4. Cloud protects any device at any time

BYOD or ‘bring your own device’ is now the norm in most industries. The lines between personal mobile devices and business devices is changing. The employee who uses that Blackberry or iPhone will be downloading personal material and checking corporate messages. With cloud based security all traffic on all devices is directed to the cloud for inspection of malware, viruses, spam, or other threats. This allows company administrators to set up granular user level policies and compliance mandates across all users no matter whether they’re on a PC, a laptop, smartphone, or tablet. The cloud provides a much more visible and transparent, not to mention cost effective, way to monitor threat levels.

5. Cloud addresses Unified Endpoint Management (UEM)

Think for a moment about the impact of “consumerization of IT” trends and BYOD on the realm of business over the past several years. Scale that up ten-fold and then you can begin to understand the major changes and shifts that will be happening in the next 5-10 years within the realm of cloud computing. Businesses need to begin thinking about how their infrastructure can be cloud focused – not only in the age of mobile, but also as it pertains to wearables, smartwatches, and IoT connected devices. The new keyword in this arena is ‘endpoint’. The paradigm is shifting away from mobile device management (MDM) to one called Unified Endpoint Management (UEM). Cloud infrastructure will provide the best solution for increasingly complex data requirements as device management becomes more holistically focused on the integration of a large variety of endpoints – such as wearables, IoT, smartphones, and tablets.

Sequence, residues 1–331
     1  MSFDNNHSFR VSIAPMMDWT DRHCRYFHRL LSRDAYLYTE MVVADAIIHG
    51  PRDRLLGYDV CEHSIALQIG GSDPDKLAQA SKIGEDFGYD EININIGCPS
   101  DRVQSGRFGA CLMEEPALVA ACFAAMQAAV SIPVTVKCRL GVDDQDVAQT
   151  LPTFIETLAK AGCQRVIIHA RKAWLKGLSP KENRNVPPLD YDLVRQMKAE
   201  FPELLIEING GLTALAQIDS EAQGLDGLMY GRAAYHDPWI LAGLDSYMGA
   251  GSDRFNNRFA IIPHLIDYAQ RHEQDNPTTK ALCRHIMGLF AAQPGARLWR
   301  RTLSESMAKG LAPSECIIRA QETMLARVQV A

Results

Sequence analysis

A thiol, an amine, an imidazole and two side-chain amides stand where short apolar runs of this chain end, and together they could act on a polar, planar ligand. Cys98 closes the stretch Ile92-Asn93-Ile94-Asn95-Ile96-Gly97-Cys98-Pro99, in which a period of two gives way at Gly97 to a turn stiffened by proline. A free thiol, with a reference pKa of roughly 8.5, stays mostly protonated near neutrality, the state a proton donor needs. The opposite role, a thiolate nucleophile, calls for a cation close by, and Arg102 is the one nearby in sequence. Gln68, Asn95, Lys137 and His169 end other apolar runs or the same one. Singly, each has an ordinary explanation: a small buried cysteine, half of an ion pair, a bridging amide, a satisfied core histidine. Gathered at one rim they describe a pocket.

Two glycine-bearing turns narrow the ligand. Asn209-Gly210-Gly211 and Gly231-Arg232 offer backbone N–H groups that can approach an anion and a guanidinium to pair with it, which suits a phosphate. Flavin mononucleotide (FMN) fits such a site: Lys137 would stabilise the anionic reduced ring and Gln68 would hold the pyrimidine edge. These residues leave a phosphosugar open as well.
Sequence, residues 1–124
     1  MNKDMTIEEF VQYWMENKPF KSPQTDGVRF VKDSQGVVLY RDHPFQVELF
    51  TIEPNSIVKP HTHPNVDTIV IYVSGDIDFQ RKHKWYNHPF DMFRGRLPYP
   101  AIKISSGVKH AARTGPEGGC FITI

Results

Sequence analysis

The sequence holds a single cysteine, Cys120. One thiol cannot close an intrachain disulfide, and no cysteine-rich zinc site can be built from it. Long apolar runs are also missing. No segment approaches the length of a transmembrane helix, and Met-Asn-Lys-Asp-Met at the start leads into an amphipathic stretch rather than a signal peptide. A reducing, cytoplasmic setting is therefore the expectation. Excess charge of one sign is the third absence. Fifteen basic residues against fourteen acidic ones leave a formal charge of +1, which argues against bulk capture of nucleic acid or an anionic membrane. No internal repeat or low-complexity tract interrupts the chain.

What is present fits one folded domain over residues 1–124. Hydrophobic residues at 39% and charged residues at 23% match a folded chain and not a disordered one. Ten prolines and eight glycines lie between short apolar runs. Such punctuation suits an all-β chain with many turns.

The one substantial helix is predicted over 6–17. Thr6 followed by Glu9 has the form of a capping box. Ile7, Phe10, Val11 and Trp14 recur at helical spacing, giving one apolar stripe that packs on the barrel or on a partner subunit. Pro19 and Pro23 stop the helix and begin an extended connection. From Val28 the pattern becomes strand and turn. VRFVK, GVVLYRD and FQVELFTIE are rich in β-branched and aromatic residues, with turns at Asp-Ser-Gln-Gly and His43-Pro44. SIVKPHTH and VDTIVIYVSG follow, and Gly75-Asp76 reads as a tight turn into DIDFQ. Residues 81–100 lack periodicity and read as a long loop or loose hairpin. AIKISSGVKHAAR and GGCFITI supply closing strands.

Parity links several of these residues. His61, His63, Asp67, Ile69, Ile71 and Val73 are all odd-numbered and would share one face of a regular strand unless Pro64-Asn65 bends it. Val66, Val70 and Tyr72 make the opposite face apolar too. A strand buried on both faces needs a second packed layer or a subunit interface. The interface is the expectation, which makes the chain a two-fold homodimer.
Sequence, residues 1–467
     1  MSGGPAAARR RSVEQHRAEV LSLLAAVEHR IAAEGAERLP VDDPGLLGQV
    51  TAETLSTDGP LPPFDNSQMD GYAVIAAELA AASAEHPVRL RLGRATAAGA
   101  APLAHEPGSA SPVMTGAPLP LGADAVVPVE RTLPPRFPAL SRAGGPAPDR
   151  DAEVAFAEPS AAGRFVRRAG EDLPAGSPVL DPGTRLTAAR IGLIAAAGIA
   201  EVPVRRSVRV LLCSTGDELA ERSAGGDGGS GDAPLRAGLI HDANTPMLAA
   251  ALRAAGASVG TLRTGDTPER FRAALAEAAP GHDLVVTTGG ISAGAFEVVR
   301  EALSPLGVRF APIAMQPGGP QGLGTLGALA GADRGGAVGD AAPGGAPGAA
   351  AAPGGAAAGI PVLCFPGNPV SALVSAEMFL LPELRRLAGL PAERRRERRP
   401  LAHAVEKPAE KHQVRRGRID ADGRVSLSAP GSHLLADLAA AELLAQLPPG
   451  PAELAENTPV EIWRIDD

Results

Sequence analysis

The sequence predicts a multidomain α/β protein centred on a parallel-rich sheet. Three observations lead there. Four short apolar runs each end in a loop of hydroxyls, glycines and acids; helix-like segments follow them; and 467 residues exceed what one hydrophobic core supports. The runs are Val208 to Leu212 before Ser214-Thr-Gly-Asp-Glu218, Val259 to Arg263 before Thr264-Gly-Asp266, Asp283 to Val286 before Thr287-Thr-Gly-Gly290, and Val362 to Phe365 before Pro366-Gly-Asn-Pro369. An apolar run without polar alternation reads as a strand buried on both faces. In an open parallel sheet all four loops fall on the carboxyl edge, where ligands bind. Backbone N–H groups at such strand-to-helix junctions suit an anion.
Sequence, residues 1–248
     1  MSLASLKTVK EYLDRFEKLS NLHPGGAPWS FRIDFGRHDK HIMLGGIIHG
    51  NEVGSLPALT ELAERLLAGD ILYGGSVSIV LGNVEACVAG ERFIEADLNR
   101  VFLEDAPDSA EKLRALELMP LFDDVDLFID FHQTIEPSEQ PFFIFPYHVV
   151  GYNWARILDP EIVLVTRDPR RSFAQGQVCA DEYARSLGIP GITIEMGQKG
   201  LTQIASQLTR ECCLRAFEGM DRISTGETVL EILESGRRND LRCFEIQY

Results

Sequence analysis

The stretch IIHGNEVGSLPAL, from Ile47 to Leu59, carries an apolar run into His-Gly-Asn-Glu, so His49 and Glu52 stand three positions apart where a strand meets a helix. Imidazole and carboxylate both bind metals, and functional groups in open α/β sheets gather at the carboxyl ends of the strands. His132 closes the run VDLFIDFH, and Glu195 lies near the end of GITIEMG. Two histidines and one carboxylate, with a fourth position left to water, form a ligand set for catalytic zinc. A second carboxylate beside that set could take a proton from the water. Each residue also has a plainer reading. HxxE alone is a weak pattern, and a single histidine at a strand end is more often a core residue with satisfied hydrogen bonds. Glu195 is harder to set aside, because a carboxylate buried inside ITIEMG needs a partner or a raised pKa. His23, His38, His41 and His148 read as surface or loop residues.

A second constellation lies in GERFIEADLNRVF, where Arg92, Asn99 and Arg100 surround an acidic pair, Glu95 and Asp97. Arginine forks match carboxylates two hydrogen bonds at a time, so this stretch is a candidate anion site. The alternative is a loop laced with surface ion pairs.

6. Cloud dramatically improves ROI

There are so many advantages to moving your business to the cloud, but the best overall is that it dramatically improves your company’s return on investment. To be clear, moving your data requirements to the cloud means that deployment costs are minimal, there are no hardware or software upgrades to worry about, downtime is reduced and customer satisfaction improves, there is better overall protection of your company data at all times across all devices, and this leads to fewer infections and malware that require reimaging your hardware assets. Business cloud is a win-win no matter how you look at it!

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About Jeffrey Walker

Jeff is a business development consultant who specializes in helping businesses grow through technology innovations and solutions. He holds multiple master’s degrees from institutions such as Andrews University and Columbia University, and leverages this background towards empowering people in today’s digital world. He currently works as a research specialist for a Fortune 100 firm in Boston. When not writing on the latest technology trends, Jeff runs a robotics startup called, along with oversight and leadership of - an emerging market assistance company that helps businesses grow through innovation.